OVERLAND PARK, Kan. — The Johnson County District Attorney said a police officers’ 2018 shooting of a teen was justified, but now the FBI and U.S. Attorney’s Office will take another look.
The Kansas City Federal Bureau of Investigation field office has opened a civil rights investigation into the deadly police shooting of Overland Park teen John Albers in 2018.
The FBI’s Civil Rights division and the U.S. Attorney’s Office for the District of Kansas are joining the agency in the investigation into the 17-year-old’s death.
Former Overland Park police officer Clayton Jenison shot more than 10 bullets into the Albers family’s minivan as John backed out of the garage. Six bullets hit the teen. Police were at the Overland Park home after his friends reported he was threatening to hurt himself on social media.
Albers’ mother hopes a lot of unanswered questions will finally be revealed.
“John’s ultimate civil right to his life was taken,” Sheila Albers said.
But a man who knows a lot about these investigations said the agency’s main objective will be answering just one question.
“In this case we talk about ‘under the color of law,’ so it would be any law enforcement officer violating your right in terms of being free from excessive force,” former FBI Special Agent in Charge Michael Tabman said.
According to Tabman, that violation has to be willful, which means FBI agents will be trying to determine if Jenison’s actions were intentional or done with a complete disregard or indifference to the consequences. They will then turn findings over to the U.S. Attorney’s Office.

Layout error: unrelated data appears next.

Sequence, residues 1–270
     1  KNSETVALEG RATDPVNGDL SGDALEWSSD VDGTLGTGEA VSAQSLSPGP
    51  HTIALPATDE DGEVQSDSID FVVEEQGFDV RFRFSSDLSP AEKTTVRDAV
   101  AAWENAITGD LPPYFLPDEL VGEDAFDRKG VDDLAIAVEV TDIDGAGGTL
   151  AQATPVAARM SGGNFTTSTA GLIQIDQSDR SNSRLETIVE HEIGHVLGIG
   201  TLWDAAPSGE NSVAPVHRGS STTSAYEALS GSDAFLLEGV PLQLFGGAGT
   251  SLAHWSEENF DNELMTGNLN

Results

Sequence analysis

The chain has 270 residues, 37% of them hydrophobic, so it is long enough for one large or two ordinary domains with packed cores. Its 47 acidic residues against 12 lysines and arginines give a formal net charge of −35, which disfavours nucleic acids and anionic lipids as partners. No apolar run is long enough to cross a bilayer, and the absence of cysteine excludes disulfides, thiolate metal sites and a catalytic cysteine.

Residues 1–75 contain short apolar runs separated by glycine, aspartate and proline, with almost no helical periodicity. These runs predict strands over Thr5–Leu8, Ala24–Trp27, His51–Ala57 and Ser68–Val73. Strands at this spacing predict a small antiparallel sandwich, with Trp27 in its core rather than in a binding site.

“The FBI is not here to second guess the officer in terms of, ‘Is that good police work?’ or, ‘As an FBI agent would I have done that differently?’ The criteria is again willful deprivation of civil rights under the color of law,” Tabman said.
“The FBI will collect all available facts and evidence and will ensure that the investigation is conducted in a fair, thorough and impartial manner,” Bridget Patton spokeswoman for the FBI’s Kansas City field office said.
Sheila Albers was incensed when she recently learned Jenison received a negotiated $70,000 severance to leave the department a few weeks after the shooting and shortly before he was cleared by the D.A.
She continues to fight for increased transparency and accountability in police shootings and hopes reports and video she’s never seen will eventually be turned over to the U.S. Attorney’s Office.
“By pushing on this, I’m hoping that we send a very clear message to chiefs of police and D.A.’s that you will be held accountable for your actions and you can’t withhold facts and evidence from the community,” Sheila Albers said.
FOX4 reached out to the Overland Park Police Department for comment. A spokesman said they will “100% cooperate with the federal investigation.”
Overland Park Manager of Communications Sean Reilly also sent this statement:
“The city will fully cooperate with all investigations into the 2018 shooting of John Albers, just as we cooperated with the investigations conducted by the Johnson County District Attorney’s office and the Kansas Commission on Peace Officers’ Standards.”